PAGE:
What Makes Print Ecommerce Weird?

What Makes Print Ecommerce Weird?

22
Mar

Selling print online requires knowledge of how to both accept artwork and deliver print assets to the manufacturing facility. Generic ecommerce firms don’t understand this which can cause printers to spend their time and money educating resources about what makes print ecommerce unique.

There are a lot of companies out there that will take your money and promise you a great website for conducting ecommerce. They will see you (the printer) like any other business that comes to them looking to sell widgets online. There is one challenge with this scenario.

Print is weird.

This is what I say to the generic ecommerce developers, creative agencies, and consulting companies that don’t normally deal in print.

The online print buying process involves the customer providing a key component required for the custom manufactured product during the purchasing process.

This is not a weird statement to any of us because we have been in this space forever and we understand that’s how this business works.

It is not a normal statement to those outside the print space.

I have seen so many printers get told by generic ecommerce firms that there is no problem supporting this kind of workflow. What happens once they get into the weeds? The printer spends a bunch of time “teaching” the firm things like the difference between a low-resolution preview and a print-ready PDF, the desire for some preflight (which they don’t even know what that word means), and the idea that a customer might want to design a product themselves in the browser. The other wasted effort is when a firm tries to convince the printer to custom build a solution for print design in the browser when there are many good plugins out there that have already solved this complex problem.

Print is weird. Print ecommerce is weird.

There are great web-to-print solutions out there and whenever possible, I recommend printers use an off-the-shelf solution where they get to utilize the software and not have to bring software development inside their print business. There are two common conditions where I see a non-standard approach might be necessary:

  1. Large scale, differentiation
    1. When you are a larger company with internal technical resources and you want the control to differentiate online. In this case I always recommend the assembling of puzzle pieces – do not start from scratch. There are great best-in-class pieces that can be assembled to strategically solve a defined business challenge. I like to say, you need to control content, commerce, and engagement online. Buy the expected functionality (a cart, a content management system, a catalog), code for the stuff that makes you different (100% control the user experience, your unique workflows, special plugins, etc.).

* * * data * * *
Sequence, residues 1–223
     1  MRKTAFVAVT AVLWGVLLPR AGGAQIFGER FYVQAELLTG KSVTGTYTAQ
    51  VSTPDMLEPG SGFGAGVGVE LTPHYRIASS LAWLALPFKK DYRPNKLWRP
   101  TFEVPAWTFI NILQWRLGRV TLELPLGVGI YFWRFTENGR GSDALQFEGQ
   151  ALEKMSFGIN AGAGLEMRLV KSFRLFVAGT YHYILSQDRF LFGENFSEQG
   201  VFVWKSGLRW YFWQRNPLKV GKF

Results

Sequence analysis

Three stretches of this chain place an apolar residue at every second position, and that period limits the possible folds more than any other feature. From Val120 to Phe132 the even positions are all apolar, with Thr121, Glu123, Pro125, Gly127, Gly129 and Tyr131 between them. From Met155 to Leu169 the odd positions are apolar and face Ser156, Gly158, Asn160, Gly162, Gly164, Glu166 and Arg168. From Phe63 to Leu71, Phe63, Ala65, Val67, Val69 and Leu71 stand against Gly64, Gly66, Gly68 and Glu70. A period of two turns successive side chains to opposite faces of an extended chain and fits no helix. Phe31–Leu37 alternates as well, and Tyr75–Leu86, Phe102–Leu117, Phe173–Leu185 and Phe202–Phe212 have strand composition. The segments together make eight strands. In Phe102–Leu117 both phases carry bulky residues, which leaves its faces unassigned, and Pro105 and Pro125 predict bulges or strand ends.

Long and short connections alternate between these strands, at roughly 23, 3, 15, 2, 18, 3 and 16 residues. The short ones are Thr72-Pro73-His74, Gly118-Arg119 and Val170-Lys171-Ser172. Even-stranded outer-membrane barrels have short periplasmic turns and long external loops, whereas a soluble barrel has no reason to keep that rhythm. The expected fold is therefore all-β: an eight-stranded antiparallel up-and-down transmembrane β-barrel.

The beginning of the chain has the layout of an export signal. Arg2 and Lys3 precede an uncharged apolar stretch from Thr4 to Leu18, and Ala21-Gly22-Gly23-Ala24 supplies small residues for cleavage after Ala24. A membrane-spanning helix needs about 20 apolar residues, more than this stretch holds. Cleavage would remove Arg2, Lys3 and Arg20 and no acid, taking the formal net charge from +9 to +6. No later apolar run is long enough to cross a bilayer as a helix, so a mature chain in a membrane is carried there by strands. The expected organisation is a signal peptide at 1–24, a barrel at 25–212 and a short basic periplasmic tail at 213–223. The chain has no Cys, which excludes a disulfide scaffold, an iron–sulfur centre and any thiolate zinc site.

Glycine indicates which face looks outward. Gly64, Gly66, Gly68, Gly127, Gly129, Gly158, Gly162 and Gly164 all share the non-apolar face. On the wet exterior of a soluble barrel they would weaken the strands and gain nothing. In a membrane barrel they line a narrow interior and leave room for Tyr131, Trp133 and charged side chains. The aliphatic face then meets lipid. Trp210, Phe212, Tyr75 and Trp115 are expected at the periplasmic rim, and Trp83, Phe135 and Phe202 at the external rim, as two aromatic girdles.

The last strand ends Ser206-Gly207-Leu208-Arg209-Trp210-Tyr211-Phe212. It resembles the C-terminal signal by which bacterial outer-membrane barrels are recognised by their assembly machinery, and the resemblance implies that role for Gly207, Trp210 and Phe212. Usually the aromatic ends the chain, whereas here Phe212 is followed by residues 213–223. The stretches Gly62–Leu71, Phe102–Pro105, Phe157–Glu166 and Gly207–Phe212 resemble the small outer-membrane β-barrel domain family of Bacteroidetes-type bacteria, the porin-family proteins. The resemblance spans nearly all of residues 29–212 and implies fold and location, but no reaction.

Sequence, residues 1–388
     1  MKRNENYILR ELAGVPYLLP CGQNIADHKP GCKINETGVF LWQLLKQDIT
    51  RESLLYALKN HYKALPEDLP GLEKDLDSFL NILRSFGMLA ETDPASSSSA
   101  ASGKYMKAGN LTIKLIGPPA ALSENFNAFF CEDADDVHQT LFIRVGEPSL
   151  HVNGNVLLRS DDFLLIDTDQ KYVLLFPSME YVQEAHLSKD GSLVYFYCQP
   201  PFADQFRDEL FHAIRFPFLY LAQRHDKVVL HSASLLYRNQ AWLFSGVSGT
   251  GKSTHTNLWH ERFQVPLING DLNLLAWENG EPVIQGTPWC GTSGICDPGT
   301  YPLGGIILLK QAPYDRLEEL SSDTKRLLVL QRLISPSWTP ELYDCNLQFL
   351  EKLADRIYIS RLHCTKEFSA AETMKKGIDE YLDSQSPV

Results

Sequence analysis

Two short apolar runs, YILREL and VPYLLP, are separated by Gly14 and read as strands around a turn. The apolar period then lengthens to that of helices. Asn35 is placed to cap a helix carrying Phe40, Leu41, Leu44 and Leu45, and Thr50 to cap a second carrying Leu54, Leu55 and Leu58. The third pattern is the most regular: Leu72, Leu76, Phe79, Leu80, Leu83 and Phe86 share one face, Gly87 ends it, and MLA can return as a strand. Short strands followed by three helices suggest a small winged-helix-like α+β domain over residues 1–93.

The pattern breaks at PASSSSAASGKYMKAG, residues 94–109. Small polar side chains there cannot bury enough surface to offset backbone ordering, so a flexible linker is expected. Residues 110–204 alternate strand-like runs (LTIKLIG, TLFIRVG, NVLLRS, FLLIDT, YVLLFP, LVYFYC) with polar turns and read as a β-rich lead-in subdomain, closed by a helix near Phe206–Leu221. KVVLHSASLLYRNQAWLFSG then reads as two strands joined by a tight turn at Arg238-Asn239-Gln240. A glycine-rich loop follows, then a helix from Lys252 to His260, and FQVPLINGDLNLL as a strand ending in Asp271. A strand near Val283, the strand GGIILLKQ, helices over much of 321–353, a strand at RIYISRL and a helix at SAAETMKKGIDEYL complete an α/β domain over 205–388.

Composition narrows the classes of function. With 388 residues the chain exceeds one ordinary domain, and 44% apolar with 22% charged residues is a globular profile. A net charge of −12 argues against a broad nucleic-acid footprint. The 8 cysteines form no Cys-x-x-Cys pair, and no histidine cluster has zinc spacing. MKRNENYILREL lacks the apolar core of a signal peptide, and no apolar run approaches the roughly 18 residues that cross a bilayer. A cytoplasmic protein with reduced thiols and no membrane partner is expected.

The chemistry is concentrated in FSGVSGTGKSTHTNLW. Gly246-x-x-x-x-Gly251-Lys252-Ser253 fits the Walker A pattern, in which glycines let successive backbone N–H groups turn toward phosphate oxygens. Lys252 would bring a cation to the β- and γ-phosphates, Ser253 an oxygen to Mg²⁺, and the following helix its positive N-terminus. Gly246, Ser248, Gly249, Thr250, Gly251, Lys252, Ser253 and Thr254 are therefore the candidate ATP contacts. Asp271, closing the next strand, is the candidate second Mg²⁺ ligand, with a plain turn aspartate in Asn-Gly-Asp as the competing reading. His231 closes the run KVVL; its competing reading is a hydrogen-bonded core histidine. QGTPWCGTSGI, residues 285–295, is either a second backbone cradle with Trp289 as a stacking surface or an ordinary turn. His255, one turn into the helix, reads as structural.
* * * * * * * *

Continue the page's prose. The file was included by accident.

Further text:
2. Niche business to consumer
    1. If you have a niche business to consumer market, you need to really engage in order to build an online community, drive search engine traffic, and constantly experiment. In this case your content management platform is AS IMPORTANT as your ecommerce platform. There are great options out there both open source and commercial platforms to build upon. Then you strategically integrate with the right plug-ins to make the commerce into print-commerce. Typical plugins include a “design in the browser tool” which allows your customers to do light design in the browser to create unique printed products in a self-service setting.

The best thing you can do to improve your success with print ecommerce is to spend more time upfront answering the following questions:

  1. Who is your target market? (the more specific the better)
  2. How are you going to attract them? (this is critical in B2C, web traffic is either earned through content marketing/SEO efforts or paid for via AdWords – which can get really expensive)
  3. What products are you going to sell to them?
  4. For your product mix, what technologies do you need (e.g. design in the browser, rules-based VDP, etc.)
  5. Is there a geographically target to your market (local, regional, national, internationally)

When printers have thought through all these questions, they are more prepared to make technology decisions. Unfortunately, many printers start the process by shopping for web-to-print technologies first, no wonder there are so many web-to-print software investments that fail to deliver a solid return on investment. 

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